By Laura Michaels

In a ring filled with retail heavyweights, Amazon is the hulking value giant. The Seattle-based online retailer, grocery chain, filmmaker, foodservice equipment supplier and yes, bookstore, is worth more than Walmart, Costco and Target combined, reports Fortune, as Amazon’s stock has nearly tripled in value over the last two years.

With its stock hitting above $900 per share last week, Amazon’s valuation soared to $439.8 billion. The combined total value for Walmart, Costo and Target, meanwhile, is $321.5 billion, but Amazon does still lag behind Walmart’s $482 billion in revenue.

Reports correlate Amazon’s recent investor success with, as Fortune’s Jeff Bukhari put it, “the market regression of its rivals,” as he noted Walmart’s and Target’s stocks are down around 15 percent and 30 percent since 2015, respectively, while Amazon’s is up nearly 200 percent during that same period. The Street Ratings April report details Amazon’s “impressive record of earnings per share growth, compelling growth in net income, good cash flow from operations and expanding profit margins.”

But for all the rosiness tinting the picture, Amazon is facing challenges with one of its most significant initiatives. AmazonFresh, the company’s key online ordering push into the $800 billion grocery industry, is battling on multiple fronts, reports Bloomberg in its in-depth analysis. From packaging and food waste to struggles enticing shoppers—in large enough numbers, anyway—to buy their bananas, beef and cheese online, Amazon, like its competitors, is looking for ways to dominate the grocery segment.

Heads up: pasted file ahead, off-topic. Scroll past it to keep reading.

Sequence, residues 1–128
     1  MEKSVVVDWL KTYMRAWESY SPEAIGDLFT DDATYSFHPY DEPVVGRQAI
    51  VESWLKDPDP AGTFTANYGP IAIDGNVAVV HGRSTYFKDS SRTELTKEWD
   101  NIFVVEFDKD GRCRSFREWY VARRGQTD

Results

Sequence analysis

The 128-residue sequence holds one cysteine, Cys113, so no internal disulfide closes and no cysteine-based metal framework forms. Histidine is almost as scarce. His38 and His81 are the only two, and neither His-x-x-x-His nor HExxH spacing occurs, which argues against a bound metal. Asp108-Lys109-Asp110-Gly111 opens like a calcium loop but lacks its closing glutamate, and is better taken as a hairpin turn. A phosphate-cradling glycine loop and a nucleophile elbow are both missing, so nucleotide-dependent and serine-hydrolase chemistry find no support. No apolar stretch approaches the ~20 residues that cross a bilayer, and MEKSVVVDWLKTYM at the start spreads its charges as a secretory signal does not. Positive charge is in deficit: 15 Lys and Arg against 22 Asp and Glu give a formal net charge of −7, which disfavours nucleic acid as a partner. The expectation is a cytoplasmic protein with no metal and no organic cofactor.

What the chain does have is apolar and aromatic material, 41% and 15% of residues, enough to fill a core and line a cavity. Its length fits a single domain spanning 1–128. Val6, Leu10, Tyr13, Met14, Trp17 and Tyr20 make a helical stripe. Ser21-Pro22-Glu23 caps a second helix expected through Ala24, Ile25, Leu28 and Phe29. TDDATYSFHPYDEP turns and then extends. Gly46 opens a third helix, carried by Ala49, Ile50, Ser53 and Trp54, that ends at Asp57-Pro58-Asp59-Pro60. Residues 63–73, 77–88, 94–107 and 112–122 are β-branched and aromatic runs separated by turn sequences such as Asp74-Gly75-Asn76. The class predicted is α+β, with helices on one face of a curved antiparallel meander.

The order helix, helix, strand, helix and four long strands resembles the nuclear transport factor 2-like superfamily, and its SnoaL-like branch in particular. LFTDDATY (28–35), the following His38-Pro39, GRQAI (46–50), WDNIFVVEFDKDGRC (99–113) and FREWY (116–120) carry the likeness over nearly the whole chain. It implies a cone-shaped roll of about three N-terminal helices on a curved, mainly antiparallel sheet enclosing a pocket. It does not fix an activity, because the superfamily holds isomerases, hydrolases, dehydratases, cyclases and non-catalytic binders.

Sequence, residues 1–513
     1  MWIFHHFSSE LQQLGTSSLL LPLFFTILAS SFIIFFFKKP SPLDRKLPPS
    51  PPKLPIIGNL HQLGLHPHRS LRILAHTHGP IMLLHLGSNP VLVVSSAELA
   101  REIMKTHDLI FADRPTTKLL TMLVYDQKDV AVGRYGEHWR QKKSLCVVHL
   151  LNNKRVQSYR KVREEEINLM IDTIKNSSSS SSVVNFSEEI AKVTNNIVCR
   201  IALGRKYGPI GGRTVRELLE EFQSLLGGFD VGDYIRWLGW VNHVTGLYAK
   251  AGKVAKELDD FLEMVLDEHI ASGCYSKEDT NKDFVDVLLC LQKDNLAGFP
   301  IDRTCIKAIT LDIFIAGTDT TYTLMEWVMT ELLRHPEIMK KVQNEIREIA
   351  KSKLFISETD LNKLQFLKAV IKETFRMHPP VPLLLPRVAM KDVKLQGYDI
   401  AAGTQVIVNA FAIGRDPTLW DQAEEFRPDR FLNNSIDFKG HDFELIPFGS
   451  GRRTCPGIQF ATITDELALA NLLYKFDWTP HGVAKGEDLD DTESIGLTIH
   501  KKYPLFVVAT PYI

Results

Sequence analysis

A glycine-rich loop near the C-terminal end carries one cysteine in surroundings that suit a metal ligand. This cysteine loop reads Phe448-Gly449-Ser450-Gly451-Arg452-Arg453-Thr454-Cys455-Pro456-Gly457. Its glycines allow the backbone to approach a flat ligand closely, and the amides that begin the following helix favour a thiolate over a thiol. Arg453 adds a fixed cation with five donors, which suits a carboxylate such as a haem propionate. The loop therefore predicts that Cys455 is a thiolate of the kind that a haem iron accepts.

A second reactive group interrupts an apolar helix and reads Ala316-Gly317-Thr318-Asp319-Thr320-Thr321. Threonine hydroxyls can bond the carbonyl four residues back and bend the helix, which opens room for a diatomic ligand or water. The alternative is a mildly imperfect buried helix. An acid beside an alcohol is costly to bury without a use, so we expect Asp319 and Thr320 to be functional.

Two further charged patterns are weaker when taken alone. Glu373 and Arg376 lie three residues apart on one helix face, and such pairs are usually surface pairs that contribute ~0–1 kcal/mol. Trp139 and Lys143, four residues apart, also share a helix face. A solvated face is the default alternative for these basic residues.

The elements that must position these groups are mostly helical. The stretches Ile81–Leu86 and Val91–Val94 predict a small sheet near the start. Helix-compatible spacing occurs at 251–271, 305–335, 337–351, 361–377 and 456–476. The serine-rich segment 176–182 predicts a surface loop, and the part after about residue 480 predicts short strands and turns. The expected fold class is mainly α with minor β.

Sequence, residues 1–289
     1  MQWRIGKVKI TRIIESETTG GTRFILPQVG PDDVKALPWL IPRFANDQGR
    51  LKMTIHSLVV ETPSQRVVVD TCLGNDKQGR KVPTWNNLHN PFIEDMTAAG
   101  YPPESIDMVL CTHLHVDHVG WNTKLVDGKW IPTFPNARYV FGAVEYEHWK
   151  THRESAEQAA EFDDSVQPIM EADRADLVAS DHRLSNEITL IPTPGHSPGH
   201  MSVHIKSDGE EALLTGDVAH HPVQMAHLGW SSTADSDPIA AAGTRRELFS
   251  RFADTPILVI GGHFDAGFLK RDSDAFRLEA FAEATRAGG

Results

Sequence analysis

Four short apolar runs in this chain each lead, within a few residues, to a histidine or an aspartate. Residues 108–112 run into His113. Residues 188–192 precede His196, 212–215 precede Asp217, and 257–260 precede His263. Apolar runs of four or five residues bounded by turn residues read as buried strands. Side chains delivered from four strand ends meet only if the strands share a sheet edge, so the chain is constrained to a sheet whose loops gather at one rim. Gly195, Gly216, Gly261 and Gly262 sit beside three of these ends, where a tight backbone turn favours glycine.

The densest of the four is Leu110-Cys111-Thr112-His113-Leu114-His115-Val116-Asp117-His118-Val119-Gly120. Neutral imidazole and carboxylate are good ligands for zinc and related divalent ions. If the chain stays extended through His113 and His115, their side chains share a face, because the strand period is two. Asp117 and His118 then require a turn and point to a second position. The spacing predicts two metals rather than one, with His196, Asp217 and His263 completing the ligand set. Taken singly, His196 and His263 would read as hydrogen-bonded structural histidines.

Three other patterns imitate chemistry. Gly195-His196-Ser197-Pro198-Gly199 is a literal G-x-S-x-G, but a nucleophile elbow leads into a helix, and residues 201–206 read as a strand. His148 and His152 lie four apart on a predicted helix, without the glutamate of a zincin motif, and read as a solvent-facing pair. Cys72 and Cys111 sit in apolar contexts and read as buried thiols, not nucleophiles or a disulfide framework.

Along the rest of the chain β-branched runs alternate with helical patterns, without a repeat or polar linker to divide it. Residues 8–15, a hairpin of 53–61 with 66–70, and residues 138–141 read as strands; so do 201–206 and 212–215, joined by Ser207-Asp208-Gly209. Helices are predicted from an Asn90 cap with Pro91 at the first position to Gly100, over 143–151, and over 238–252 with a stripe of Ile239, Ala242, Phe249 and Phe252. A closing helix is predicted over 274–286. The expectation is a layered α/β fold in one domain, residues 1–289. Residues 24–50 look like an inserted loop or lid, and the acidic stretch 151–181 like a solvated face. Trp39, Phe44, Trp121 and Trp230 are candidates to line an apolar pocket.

After expanding the AmazonFresh delivery program to several new cities last year and lowering the price from $299/year to $15/month, the company unveiled its cashierless convenience store, Amazon Go, in December but has yet to open it to the public. Similar brick-and-mortar stores, Bloomberg reports, could play a key role in Amazon’s grocery efforts as it tests AmazonFresh Pickup locations in Seattle, where its Prime members can order groceries online and pick them up via a drive-thru depot.

Direct partnerships with major food and consumer packaged goods makers also appear to be part of Amazon’s strategy to corner the grocery market, as the company reportedly invited the likes of General Mills and Mondelez to visit its headquarters for a discussion about selling directly to shoppers and bypassing the big box stores.

There are conflicting views on opportunities within the online grocery space, however, with Kurt Jetta, CEO of TABS Analytics, a consumer products research firm, telling Bloomberg that “online grocery is failing.”

“There’s just not a lot of demand there,” he said, noting the firm’s annual survey showed only 4.5 percent of shoppers made frequent online grocery purchases in 2016. “The whole premise is that you’re saving people a trip to the store, but people actually like going to the store to buy groceries.”

Meanwhile, a forecast released earlier this year by Food Marketing Institute and Nielsen said the potential is there for five-fold growth in online grocery shopping over the next decade. The forecast noted U.S. consumers could spend more than $100 billion on food-at-home items by 2025.

“Grocery shopping will reach digital maturity and saturation faster than other industries that went online before, such as publishing or banking,” said the report. “Younger, newer and more engaged digital shoppers adopt digital technologies more quickly, and will hasten the expansion of digital grocery shopping further.”

Online retail in the U.S. has evolved into a “mature, mainstream, and integrated industry with multiple offline channels,” noted The Street Ratings in its industry analysis. The next phase of growth, however, will require innovation and investment in technologies that “optimize the connection between online and offline elements. Failure to address risks associated with payment methods, credit card fraud and other consumer fraud could hamper sales growth.”

For its part, “Amazon wants to be the first thing any consumer thinks of when they need to buy anything,” said Jim Hertel, a senior vice president at marketing technology company Inmar Inc., told Bloomberg. “Food is the largest retail category. They can’t do what they want to do without grocery and they’re definitely not going to give up.”